A new law, The 21st Century Cures Act, signed in December by President Obama has eased some restrictions and provided some flexibility for small employers who want to offer their employees financial assistance through a standalone health reimbursement plan beginning in 2017.
A standalone HRA – Health Reimbursement Arrangement – is one that is not paired with a health insurance plan.
HRAs are a way for small employers who cannot afford to provide a group benefit plan to still help offset medical expenses incurred by their employees. Under these arrangements, an employer agrees to reimburse medical expenses, including health insurance premiums, up to a certain amount per year. The reimbursement for medical expenses are not included in the employee’s taxable income.
So, under the new law, qualified small employers can use standalone HRAs to reimburse employees for purchasing individual insurance coverage, rather than providing them with costly group health plans.
A “qualified small employer” is one that had fewer than 50 full-time and full-time equivalent employees during the preceding calendar year and does not offer a group health plan to any of its employees.
As a result of the new law, qualified small employers can now provide HRAs without facing steep penalties. Under the Affordable Care Act, all employers – whether they are considered large or small employers – had to conform to the requirements of the ACA if they were to offer group health plans. As a result, many HRAs – favored by many employers with fewer than 50 full-time employees – did not comply as group health plans under the ACA, resulting in hefty excise tax for employers who maintained these arrangements.
Through the new Cures Act, though, a small employer HRA is no longer defined as a group health plan, meaning these arrangements are now an option for small business owners. Qualified HRA plans beginning after Dec. 31, 2016, will not face an excise tax.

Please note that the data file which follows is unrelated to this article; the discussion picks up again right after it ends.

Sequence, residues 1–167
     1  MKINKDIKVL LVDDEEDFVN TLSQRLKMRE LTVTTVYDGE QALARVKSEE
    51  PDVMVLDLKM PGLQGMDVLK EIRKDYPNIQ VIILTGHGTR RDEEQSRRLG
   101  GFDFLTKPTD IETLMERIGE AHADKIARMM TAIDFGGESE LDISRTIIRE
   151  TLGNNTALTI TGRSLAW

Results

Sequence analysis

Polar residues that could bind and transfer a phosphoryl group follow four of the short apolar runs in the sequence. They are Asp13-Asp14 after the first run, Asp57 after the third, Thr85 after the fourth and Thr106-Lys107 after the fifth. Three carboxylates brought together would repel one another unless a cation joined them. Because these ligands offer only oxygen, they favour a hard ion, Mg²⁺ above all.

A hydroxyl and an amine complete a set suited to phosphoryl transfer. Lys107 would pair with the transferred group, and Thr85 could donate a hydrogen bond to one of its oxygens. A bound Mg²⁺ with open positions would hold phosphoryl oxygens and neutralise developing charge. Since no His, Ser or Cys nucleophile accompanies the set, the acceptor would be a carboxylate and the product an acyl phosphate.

A qualified small employer HRA must adhere to the following requirements:
- It is maintained by an employer with fewer than 50 employees and no group health plan is offered to any of those employees;
- It is offered to all eligible employees; however, the employer may exclude employees who haven’t completed 90 days of service, employees under the age 25, part-time or seasonal employees, employees covered in a collective bargaining unit and certain nonresident aliens.
- It is funded solely by the employer and no salary reduction contributions are made under the HRA;
- The amount of payments and reimbursements do not exceed $4,950 per employee (or $10,000 for those that provide payments or reimbursements for an employee’s family members). Furthermore, for any year beginning after 2016, these dollar amounts are subject to cost of living increases.
If offering an HRA, employers must do the following:
- Provide written notice to each eligible employee that includes a statement of the amount of the employee’s permitted benefit under the HRA for the year;
- Advise the employee to provide information about the employer-offered HRA to any health insurance exchange to which the employee applies for advance payment of the premium assistance tax credit; and
- Inform the employee that if he or she is not covered under minimum essential coverage for any month, the employee may be subject to tax under the individual mandate for that month.
Failure by the employer to make these disclosures can result in a $50 per-employee, per-incident of failure penalty, up to a $2,500 calendar year maximum.
Employers also need to report the total amount of permitted benefit under an HRA on their employees’ W-2s. However, keep in mind that benefit isn’t included in the taxable wages on the employee’s W-2. It is simply required to be included on the W-2 for informational purposes.
The Cures Act also states that reimbursements from an HRA cannot be treated as paid or reimbursed under the employer-provided coverage for any medical expenses during a month when the employee does not have minimum essential coverage as required under the ACA.
All in all, this is a good option for small business owners who want to help their employees with medical expenses and have not been able to do so for fear of financial penalty. Please let us know if you would like to learn if this is a good option for your business.